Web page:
Who Needs A Smartphone Designed For The Blockchain?
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Huawei Technologies, a telecommunication equipment manufacturing giant, is giving strong signals that it will be building a smartphone that runs blockchain-based applications. The Shenzhen-based company is in conversation with Sirin Labs and considering licensing the SIRIN Operating System (OS) for their mobile devices. The SIRIN OS will run blockchain applications alongside Alphabet Inc.’s Android System.
While it’s unclear how the Huawei blockchain-ready smartphone will differentiate itself from current smartphones (which already run blockchain apps and hold cryptocurrency wallets), it’s a new move for the Shenzhen-based company. And although a blockchain smartphone may sound innovative, it’s uncertain whether the public will respond well to the idea.
According to Bloomberg, representatives from both companies have confirmed that Huawei and Sirin Labs have met. They are currently in preliminary talks. Sirin Labs has, however, confirmed Bloomberg’s story through a tweet on the company’s official Twitter account.
Is there true demand for a blockchain-ready smartphone?
As reported by Statista, blockchain technology is expected to reach a market valuation of $2.3 billion by 2021. If Huawei proceeds with the blockchain-ready smartphone, it will be one of the first smartphones connected to the blockchain, and it could potentially, be a catalyst to the widespread adoption of the technology.
On the Sirin Labs website, they argue that blockchain-ready smartphones solve significant problems with existing smartphones. Popular smartphones compromise on user security for improved user experience, which results in fraud and cybercrime.
As mentioned on their website, Sirin Labs strong believes that “the digital economy of the future cannot tolerate this trade-off: device architecture demands a paradigm shift the enables true security, while maintaining excellent user experience.”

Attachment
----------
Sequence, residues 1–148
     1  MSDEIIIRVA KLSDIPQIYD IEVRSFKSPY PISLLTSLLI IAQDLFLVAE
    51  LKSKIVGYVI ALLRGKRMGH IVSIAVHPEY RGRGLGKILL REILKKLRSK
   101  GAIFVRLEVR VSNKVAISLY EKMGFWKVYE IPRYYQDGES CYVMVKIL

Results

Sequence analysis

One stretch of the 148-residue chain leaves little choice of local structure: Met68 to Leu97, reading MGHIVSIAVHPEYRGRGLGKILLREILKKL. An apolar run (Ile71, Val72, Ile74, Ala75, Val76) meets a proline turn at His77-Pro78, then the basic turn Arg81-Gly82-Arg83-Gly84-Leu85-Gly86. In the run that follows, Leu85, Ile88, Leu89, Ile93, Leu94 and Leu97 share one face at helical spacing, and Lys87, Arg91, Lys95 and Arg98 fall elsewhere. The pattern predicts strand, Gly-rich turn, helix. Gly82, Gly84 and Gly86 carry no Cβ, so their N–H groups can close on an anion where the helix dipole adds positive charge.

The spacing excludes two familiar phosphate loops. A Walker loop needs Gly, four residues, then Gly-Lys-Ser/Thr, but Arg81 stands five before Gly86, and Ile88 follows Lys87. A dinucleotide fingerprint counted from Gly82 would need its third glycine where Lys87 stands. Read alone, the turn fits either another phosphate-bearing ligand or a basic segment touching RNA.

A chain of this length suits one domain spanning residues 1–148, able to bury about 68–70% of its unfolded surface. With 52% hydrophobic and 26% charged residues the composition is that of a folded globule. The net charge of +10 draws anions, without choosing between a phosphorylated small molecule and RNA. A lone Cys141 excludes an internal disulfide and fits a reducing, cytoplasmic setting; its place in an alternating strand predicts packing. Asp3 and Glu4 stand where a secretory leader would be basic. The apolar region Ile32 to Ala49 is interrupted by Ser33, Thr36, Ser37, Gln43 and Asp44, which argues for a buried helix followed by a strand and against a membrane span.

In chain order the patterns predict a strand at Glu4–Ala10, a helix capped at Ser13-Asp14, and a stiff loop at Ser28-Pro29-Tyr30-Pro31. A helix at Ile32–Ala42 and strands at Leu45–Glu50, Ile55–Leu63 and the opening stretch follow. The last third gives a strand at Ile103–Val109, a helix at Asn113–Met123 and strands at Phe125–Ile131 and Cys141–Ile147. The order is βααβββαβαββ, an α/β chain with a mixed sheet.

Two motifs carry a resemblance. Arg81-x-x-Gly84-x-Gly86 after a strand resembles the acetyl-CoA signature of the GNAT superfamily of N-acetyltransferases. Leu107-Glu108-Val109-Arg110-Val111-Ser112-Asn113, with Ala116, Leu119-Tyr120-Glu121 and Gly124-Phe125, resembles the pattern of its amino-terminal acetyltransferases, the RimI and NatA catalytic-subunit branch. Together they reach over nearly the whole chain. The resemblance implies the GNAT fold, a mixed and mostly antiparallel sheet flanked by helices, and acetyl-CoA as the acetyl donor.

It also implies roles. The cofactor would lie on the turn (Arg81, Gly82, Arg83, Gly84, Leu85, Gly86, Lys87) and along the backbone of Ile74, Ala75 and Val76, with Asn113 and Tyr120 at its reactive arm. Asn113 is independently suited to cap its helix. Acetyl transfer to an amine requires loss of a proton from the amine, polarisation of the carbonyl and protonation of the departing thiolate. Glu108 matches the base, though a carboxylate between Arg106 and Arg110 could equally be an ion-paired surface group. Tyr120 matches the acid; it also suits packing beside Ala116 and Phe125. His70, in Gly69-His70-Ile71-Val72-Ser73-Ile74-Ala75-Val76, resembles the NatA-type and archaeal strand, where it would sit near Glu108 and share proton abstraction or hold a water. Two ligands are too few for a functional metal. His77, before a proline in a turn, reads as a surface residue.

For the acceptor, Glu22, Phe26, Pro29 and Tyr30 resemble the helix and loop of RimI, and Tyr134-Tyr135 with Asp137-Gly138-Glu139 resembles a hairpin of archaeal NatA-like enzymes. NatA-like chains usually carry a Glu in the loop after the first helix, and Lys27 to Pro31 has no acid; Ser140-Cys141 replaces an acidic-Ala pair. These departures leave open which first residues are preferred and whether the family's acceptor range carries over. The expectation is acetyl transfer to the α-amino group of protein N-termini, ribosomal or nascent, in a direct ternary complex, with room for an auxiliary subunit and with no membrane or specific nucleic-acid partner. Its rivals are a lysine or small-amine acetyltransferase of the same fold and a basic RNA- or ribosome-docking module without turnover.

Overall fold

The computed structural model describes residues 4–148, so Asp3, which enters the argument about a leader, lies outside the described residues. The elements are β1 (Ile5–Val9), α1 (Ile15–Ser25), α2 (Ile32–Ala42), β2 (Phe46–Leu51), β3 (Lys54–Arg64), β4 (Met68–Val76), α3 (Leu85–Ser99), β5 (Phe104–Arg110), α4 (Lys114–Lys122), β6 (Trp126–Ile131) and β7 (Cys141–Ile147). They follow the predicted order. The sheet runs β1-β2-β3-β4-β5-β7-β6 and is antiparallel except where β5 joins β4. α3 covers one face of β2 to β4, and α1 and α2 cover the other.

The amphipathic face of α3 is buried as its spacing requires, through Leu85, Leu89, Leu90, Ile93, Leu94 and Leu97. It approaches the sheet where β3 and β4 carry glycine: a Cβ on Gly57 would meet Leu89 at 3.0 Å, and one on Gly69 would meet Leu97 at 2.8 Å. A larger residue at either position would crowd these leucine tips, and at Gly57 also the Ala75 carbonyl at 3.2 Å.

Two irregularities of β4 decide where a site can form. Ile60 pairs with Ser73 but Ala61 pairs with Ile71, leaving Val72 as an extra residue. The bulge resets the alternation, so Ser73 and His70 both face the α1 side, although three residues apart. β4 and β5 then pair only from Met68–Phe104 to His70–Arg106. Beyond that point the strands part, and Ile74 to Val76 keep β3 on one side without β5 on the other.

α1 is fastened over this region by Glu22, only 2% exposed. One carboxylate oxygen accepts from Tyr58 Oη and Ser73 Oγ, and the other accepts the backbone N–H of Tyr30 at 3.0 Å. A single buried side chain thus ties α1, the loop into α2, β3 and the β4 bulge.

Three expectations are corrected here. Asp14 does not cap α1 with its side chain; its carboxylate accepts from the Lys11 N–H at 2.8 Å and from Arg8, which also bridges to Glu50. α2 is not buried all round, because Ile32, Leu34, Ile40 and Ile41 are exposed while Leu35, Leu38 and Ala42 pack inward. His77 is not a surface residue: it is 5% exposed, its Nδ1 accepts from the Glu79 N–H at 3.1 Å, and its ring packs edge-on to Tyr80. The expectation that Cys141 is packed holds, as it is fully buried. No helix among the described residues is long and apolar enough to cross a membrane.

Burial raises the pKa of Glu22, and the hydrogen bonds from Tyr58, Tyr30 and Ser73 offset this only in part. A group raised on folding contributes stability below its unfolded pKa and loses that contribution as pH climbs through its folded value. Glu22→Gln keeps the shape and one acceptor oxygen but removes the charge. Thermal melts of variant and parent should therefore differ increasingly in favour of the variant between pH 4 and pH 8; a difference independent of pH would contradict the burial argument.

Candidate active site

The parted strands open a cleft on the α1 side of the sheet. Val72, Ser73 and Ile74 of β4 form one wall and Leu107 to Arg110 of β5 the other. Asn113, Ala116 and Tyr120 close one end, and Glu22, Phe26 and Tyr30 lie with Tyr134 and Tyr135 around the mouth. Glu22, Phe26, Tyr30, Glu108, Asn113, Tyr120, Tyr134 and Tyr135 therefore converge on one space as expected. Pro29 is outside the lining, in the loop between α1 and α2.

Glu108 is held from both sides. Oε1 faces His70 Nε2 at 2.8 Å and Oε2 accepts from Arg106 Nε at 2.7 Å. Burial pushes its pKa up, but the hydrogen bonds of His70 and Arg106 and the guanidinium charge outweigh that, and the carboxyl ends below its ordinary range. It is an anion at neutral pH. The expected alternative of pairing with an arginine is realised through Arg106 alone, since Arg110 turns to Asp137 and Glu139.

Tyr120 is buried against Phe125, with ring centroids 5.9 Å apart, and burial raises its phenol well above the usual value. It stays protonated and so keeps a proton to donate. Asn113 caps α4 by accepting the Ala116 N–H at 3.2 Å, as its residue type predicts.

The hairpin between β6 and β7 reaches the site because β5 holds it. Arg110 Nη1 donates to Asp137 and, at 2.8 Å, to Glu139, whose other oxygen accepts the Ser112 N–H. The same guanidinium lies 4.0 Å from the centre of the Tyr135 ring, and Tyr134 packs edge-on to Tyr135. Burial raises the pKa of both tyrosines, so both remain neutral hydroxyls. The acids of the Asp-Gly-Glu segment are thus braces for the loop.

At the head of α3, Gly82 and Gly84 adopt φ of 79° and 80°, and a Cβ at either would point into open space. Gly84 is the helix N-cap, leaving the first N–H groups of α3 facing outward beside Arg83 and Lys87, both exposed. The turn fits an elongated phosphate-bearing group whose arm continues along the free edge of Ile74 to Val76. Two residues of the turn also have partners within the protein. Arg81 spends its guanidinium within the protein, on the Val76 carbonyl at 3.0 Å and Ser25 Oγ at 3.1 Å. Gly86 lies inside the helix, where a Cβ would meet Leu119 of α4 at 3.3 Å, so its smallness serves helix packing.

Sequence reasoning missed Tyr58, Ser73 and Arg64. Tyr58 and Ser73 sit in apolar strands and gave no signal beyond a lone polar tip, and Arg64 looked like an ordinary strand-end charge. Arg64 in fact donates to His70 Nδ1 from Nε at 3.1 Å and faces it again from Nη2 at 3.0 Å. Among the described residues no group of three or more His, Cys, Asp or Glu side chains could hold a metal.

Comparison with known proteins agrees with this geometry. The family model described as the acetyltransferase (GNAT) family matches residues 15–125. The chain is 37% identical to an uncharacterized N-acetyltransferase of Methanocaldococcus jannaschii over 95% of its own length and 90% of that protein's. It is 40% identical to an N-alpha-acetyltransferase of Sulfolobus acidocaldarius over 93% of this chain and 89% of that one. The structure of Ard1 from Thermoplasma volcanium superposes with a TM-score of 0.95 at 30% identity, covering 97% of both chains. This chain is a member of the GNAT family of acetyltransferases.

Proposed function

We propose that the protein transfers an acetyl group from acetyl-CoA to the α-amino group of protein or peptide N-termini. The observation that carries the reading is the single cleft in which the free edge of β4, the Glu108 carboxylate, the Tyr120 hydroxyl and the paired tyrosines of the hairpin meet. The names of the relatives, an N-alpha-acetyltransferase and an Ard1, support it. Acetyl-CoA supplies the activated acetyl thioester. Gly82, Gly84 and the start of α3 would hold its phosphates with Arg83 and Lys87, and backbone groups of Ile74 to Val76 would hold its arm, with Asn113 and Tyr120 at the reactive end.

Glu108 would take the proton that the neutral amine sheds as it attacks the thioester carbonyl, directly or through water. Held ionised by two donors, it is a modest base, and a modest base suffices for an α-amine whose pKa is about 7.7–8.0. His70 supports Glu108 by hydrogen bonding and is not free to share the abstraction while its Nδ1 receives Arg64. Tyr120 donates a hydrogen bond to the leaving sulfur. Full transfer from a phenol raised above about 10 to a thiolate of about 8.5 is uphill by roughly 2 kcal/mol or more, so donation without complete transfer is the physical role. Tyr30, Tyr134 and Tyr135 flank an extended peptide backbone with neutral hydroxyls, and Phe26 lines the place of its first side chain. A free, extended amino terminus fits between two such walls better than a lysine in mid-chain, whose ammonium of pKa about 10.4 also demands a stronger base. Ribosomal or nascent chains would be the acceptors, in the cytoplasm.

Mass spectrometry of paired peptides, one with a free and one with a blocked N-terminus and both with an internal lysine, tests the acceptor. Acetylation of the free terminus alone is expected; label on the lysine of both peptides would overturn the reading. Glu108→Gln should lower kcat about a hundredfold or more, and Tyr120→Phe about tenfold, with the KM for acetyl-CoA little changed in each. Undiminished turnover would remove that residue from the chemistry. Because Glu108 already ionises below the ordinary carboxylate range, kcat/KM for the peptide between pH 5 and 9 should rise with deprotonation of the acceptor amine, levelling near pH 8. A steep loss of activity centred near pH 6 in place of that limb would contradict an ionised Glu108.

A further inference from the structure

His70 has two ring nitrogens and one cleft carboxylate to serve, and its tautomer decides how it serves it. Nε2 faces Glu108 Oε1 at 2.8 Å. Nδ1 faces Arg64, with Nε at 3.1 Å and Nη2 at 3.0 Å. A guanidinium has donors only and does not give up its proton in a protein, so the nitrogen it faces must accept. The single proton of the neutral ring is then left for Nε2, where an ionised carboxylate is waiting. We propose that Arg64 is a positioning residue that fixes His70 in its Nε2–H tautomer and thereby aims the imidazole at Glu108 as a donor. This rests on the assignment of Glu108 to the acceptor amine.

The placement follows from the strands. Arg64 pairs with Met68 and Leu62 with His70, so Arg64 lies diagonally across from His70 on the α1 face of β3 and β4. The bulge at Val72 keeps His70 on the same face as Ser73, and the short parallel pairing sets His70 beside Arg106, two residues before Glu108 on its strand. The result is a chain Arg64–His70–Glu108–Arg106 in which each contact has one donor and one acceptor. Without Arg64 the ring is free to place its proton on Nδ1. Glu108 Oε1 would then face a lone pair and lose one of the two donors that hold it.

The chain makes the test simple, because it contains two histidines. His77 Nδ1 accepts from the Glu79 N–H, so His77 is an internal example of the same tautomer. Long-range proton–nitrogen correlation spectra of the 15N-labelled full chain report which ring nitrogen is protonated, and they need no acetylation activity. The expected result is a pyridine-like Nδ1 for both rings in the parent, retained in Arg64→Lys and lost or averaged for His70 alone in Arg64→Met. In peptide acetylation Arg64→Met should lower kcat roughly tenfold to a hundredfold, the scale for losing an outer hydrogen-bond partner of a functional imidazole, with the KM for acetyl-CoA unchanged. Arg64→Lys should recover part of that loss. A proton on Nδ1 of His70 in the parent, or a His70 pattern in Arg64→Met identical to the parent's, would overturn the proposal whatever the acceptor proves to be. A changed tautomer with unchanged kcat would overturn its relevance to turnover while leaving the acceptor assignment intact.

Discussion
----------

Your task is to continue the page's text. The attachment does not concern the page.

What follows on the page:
Sirin Labs’ concerns for cybercrime and fraud are well-founded: they cost the global economy more than $445 billion every year. However, there is a relatively small number of early adopters that may be interested in exploring blockchain technology on their smartphones.
The majority of people do not take proactive steps to protect their online information and digital identities, and Sirin Labs, therefore, needs to educate the public on the security benefits gained from blockchain smartphones if they wish to “cross the chasm” and sell to the mainstream public. Otherwise, a blockchain-ready smartphone may be too avant-garde for users in 2018.
Of course, the phone could find plenty of niche uses – anyone seriously concerned with security, from spies to corporate executives (or cheating spouses) might consider a mobile device with bulletproof security to be a necessity for work… or play.
Finney: Sirin Labs’ blockchain-based smartphone
Sirin Labs is also working to develop their blockchain-ready smartphone. The Switzerland-based company raised $157 million in an initial coin offering to build a secure device that can simplify the use of cryptocurrencies across multiple applications. Sirin Labs plans to sell the Finney for $999 and currently has over 25,000 pre-orders, according to Nimrod May, a Sirin Labs spokeswoman.
The Finney smartphone “will form an independent blockchain network, a distributed ledger that is scalable and lightweight, powered by the IOTA’s Tangle Technology.” The Switzerland-based company also plans to release a desktop computer for $799 with the same features.
Despite Sirin Labs’ focus on security, Peter Todd, a cryptography consultant and Bitcoin developer, expressed great skepticism concerning the effectiveness of Finney’s cold storage. He asked CoinDesk, “Why does that protect you? You need to connect to the internal electronics to accomplish anything anyways, at which point the attack can happen.”
Huawei’s expertise in telecoms gear, smartphones, cloud computing, and cybersecurity may uncover a real demand in the future that we have not yet considered – but for now, questions linger regarding the need for (and adoption of) mobile devices that are designed specifically with blockchain applications in mind.
As for Sirin Labs, CEO Moshe Hogeg appears confident that Finney has “unique [features] and…will grow.”
If blockchain-based smartphones do become the next big thing, Huawei and Sirin Labs may well reap the benefits of first mover advantage in the hyper-competitive smartphone market.